'Two Most Dangerous Miles in U.S.' Need to Keep Security Funding
Rep. Peter King, chairman of the House Homeland Security Committee, issued a warning Friday to the federal agency that's cut security funding by 2/3rds to New Jersey and New York in just two years. "There's only so long we can absorb cuts," King said at a press conference near the Lincoln Tunnel entrance in Weehawken. "The fact is, there's an ongoing threat.

King, a Republican from Long Island, took a tour of vulnerable sites in the 13th district of New Jersey with his House colleague, Representative Albio Sires. The district is said to contain "the two most dangerous miles in the United States," from a homeland security standpoint, because it's home to the Lincoln and Holland tunnels, which are very close to the spot where Newark-Liberty International airport meets the New Jersey Turnpike, railroad lines, and the massive shipping container terminal at Port Newark-Port Elizabeth. There's also a chlorine plant in Kearny. "If something happened at that plant, it could kill half a million people," Rep. Sires remarked. He recalled not long after 9/11, police sharpshooters were stationed on the Pulaski Skyway, which overlooks the plant.

King and Sires are trying to preserve whatever funding they can, from the Department of Homeland Security. DHS will announce its allocations for the latest fiscal year in several weeks, and the two congressmen are fearing the worst. They say overall funding to critical programs in the MTA has dropped 43 percent in just two years. Transit Security grants were $98 million dollars in Fiscal Year 2010, but they dropped to $71.5 million in 2011. King said even some members of his own party seem to think of the 9/11 terror attack as a distant, historic event "that dates back to the time of Gettysburg." He said a major reason there's been no successful, follow-up attack since 9/11 by terrorists are the "layers of security" in place at prime targets.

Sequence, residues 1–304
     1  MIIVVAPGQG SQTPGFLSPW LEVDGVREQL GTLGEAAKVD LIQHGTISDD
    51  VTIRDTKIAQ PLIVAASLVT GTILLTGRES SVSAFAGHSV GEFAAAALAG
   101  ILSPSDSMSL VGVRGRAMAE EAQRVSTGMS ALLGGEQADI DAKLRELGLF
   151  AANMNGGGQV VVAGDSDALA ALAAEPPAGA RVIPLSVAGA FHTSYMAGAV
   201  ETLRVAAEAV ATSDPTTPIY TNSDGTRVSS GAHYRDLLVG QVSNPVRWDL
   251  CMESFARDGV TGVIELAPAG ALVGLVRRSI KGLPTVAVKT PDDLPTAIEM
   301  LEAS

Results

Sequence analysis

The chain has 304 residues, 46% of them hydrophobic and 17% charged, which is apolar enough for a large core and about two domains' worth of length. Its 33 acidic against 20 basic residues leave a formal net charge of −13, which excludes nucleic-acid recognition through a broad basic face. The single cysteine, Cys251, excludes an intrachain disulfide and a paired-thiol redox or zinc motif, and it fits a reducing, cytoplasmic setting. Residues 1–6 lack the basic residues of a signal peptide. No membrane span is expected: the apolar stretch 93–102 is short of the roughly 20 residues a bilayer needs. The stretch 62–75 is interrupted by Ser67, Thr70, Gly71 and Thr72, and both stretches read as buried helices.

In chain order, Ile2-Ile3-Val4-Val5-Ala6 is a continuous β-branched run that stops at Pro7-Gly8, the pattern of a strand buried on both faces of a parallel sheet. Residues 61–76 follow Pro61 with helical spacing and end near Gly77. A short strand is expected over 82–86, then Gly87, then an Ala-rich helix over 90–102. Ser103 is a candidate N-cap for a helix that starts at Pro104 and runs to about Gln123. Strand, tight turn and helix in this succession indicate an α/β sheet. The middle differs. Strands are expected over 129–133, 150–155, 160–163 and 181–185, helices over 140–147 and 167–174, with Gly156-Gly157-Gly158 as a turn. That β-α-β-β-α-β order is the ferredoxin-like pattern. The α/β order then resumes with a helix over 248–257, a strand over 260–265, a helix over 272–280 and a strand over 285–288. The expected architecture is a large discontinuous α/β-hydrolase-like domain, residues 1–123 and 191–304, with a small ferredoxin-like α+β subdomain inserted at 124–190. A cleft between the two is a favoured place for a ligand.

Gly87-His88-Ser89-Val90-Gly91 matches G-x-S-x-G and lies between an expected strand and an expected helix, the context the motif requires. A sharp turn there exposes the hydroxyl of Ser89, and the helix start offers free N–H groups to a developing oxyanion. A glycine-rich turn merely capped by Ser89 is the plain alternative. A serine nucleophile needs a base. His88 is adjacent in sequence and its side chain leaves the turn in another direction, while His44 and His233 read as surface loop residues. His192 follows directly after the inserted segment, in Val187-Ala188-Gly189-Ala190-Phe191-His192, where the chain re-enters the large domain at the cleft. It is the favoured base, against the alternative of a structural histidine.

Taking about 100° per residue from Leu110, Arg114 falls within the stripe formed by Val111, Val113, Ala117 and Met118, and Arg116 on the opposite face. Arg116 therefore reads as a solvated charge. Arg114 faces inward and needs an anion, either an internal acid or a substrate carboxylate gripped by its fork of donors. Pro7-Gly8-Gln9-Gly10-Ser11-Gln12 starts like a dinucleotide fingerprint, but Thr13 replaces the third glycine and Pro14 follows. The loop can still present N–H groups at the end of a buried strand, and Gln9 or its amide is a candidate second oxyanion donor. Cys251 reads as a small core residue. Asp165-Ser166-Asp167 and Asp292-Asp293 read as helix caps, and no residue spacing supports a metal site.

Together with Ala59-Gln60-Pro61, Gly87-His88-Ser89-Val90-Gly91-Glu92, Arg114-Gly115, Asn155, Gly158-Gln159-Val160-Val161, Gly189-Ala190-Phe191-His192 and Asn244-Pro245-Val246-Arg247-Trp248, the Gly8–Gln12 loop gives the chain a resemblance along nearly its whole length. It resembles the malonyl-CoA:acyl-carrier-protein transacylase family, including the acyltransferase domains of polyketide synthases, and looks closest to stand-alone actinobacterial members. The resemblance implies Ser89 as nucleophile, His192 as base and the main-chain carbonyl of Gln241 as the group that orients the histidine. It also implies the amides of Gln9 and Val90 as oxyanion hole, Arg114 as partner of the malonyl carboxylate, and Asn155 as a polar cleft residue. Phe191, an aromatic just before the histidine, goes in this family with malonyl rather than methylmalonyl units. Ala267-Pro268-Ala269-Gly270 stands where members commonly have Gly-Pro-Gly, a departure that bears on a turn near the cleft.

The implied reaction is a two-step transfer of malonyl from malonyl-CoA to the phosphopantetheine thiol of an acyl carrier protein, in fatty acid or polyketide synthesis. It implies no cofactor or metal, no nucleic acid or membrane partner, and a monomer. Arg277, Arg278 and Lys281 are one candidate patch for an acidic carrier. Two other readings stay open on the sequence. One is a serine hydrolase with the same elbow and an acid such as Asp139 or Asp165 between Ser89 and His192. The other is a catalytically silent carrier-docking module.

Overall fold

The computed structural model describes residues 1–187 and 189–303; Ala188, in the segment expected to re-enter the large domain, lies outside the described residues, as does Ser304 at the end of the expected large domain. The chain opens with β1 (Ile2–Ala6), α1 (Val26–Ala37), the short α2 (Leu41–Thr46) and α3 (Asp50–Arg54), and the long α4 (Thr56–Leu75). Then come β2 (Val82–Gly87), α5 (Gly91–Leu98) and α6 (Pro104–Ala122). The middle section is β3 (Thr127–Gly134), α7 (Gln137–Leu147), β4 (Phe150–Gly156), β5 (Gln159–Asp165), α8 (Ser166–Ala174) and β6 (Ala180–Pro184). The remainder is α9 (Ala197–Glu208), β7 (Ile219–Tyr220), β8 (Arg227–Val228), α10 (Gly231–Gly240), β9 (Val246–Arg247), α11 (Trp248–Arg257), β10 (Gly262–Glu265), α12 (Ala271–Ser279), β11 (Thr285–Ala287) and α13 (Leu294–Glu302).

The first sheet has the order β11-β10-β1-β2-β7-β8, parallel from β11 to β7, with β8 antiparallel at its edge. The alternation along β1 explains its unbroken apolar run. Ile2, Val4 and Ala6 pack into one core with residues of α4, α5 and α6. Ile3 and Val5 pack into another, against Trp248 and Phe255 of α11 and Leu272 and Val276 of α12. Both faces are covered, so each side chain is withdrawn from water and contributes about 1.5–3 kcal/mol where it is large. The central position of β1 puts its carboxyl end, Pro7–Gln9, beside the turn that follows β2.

Sires took Congressman King on a tour of some sites where thousands of commuters travel each day, including the PATH train tunnel that runs between the World Trade Center station in lower Manhattan to Jersey City. Last May, a New Jersey man walked two miles underground from the World Trade Center PATH stop to New Jersey, telling cops on the other side he'd left a backpack in the tunnel with a bomb in it. It turned out to be a hoax, but the security breach illustrated the need for better surveillance. King said Friday, "It shouldn't have happened, but we see increased numbers of cameras now." And Sires pointed out, "We saw a laser component in the PATH tunnel that sets off an alarm, if a person tries to walk through."